When the six week advance sales period for The Glass Sponge began in January, I thought I’d already established an above average social media presence. I thought Amish web designers would drool over my carefully crafted writer’s platform.
Wednesday, March 6th is the last day of advance sales for The Glass Sponge and ten percent donation to CASA of SW Missouri. With only a few days remaining, I’d compare my book promotion experience to sitting on a see-saw relentlessly pushing myself up to catch a glimpse of a spectacular view from a park I drove by for twenty-five years but never entered until this year.
Marketing and promoting The Glass Sponge was harder than I expected. Last fall, when I received packets of information from Finishing Line Press explaining what they’d do to promote and market my book, I thought, this is cool—if they market it, people will buy it.
I’ve been reading print and online trade journals and magazines for years, but these last six months I studied articles related to book promotion like my…well, like my book depended on it. I bought Guerrilla Marketing. I joined Pinterest, created two boards—wow—and started pinning pictures in a process I don’t understand but have nicknamed “Where’s the Donkey?”
I promoted The Glass Sponge through blogs, Facebook and LinkedIn posts, emails, snail mail and speaking engagements. The community offered their support with press releases, newspaper articles and an invitation to an author book signing event. Friends and family shared my blogs on their Facebook pages. After diving off my platform twenty times a day and climbing back up a ladder that grew like bamboo, I thought, this is cool—if I market it, surely they will buy it.
RJ asked how the book was doing yesterday and I said, “I don’t know how the book’s doing. It’s inert—words on paper and a flash drive waiting to be printed in chapbook format.”
My husband gave me his patient face—lips set, eyes glazing over, nostrils barely widening—and said, “Book sales.”
I said, “I don’t watch book sales like a hawk or agonize over numbers in weekly sales updates.” I muttered, “Which I expected to be three times higher.”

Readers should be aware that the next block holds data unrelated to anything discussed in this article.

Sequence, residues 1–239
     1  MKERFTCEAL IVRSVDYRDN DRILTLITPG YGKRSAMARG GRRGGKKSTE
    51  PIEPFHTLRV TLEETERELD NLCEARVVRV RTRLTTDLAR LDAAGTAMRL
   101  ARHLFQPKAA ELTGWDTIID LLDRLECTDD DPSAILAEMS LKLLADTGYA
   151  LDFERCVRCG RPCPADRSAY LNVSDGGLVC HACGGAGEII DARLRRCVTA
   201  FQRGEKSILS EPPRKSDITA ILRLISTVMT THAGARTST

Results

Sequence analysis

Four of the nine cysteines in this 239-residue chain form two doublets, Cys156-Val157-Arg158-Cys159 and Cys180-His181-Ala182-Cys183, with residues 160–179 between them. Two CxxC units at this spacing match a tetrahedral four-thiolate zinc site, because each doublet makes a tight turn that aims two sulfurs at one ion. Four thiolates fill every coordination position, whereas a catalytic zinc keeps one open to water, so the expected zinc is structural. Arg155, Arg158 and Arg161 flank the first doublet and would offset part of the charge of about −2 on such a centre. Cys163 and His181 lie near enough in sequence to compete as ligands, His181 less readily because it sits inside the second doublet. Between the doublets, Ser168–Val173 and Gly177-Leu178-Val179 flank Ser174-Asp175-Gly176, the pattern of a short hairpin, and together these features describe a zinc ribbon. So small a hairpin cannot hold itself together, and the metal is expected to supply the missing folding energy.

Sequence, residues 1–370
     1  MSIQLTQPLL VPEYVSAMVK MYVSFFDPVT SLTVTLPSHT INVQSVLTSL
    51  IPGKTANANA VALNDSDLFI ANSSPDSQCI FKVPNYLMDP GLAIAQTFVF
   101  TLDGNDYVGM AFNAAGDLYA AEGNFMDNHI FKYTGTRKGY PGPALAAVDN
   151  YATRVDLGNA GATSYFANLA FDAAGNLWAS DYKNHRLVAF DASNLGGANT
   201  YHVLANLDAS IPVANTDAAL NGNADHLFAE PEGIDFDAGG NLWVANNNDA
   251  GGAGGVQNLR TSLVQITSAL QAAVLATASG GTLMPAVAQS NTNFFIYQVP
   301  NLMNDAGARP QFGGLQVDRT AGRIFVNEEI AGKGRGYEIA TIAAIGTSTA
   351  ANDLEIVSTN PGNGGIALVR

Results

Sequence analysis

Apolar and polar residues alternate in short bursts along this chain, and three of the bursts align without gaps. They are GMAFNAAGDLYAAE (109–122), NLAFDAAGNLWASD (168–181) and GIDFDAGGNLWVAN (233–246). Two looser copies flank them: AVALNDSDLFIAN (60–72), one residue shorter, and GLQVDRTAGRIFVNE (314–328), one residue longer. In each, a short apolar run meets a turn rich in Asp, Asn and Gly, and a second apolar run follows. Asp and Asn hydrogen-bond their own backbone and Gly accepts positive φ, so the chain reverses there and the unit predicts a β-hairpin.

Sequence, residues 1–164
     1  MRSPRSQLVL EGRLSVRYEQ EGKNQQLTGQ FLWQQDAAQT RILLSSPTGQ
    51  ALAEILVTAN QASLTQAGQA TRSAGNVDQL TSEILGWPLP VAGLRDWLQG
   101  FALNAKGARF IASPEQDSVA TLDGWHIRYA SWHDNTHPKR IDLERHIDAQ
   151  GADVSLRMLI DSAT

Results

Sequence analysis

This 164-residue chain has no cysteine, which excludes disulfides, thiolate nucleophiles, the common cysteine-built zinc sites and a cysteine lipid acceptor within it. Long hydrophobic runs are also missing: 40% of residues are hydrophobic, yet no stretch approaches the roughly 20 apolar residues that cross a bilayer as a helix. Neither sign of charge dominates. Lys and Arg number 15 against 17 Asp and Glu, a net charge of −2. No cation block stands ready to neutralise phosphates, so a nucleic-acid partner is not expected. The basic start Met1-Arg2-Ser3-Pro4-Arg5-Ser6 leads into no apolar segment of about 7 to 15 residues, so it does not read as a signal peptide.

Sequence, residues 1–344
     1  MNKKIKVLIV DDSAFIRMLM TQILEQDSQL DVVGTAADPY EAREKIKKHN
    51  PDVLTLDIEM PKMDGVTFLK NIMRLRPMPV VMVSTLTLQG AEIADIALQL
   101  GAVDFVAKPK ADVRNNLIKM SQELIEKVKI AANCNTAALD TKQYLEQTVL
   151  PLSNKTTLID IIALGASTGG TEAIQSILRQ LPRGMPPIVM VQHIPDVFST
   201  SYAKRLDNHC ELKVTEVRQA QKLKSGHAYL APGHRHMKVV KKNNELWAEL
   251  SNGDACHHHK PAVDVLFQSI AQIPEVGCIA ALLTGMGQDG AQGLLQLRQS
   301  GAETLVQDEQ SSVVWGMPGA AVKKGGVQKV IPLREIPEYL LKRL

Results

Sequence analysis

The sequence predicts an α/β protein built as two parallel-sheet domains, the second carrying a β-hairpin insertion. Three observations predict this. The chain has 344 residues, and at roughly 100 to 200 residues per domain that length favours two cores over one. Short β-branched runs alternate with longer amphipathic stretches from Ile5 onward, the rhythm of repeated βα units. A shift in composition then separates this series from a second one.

“I didn’t catch that last part.”
I smiled without moving my lips and lied, “Just reminding myself to pick up cat food.” (If you marry a man who’s been a drummer for forty years it’s easier to change what you said because he might suffer a little hearing loss.)
“I bought cat food this morning and stop worrying about sales. Your sales are great, especially for your first book.”
“I’m not worried about sales. Not worried about humans and not worried about how they’ll respond to the poems in my inert book.”
“Are you separating yourself from your audience?”
“I’m building a platform, not rebuilding the Berlin Wall. I might be distancing myself from a couple people who promised they were going to buy my book.”
“You can’t take it personally or be resentful.”
“I’m not resentful.”
“Not angry. Just can’t stop thinking about the abused and neglected children in Greene County Missouri who won’t benefit from money they could’ve received from advance sales of The Glass Sponge.”
“Was that a sales ploy?” RJ asked.
“You think I’d stoop so low I’d resort to Guilt Selling? That’s dangerous—it can backfire on you. Did you forget about my years of retail sales management experience?”
“Book sales are different,” RJ said.
“I think most products are sold using some type of emotional sales technique, especially works of fiction.”
“Perhaps. No matter what, I’m proud of you. You’re a few sales away from your goal.”
“Not The Goal; the greatest goal that would offer a substantial gift to CASA to train advocates to assist abused and neglected children.”
“You did it again—Guilt Selling,” RJ accused.
“Nope. That was an example of the Sympathy Sales method. It’s common in fund raising.”
“But you’re not using it as a sales ploy?”
“Just an example,” I answered. “A sales ploy is only a sales ploy if the buyer realizes it.”
“I respect you for not using those tactics,” RJ said.
“You don’t need them when you have a carefully crafted writer’s platform.”